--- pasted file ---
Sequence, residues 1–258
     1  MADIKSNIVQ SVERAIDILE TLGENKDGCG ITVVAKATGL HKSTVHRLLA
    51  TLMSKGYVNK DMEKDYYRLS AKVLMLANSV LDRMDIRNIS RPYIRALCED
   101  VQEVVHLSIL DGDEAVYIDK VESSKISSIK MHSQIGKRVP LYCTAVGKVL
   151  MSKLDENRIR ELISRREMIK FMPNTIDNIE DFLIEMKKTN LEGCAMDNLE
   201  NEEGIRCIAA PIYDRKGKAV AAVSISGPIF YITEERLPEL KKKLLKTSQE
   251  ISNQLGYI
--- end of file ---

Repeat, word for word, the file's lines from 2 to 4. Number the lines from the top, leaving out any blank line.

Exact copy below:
     1  MADIKSNIVQ SVERAIDILE TLGENKDGCG ITVVAKATGL HKSTVHRLLA
    51  TLMSKGYVNK DMEKDYYRLS AKVLMLANSV LDRMDIRNIS RPYIRALCED
   101  VQEVVHLSIL DGDEAVYIDK VESSKISSIK MHSQIGKRVP LYCTAVGKVL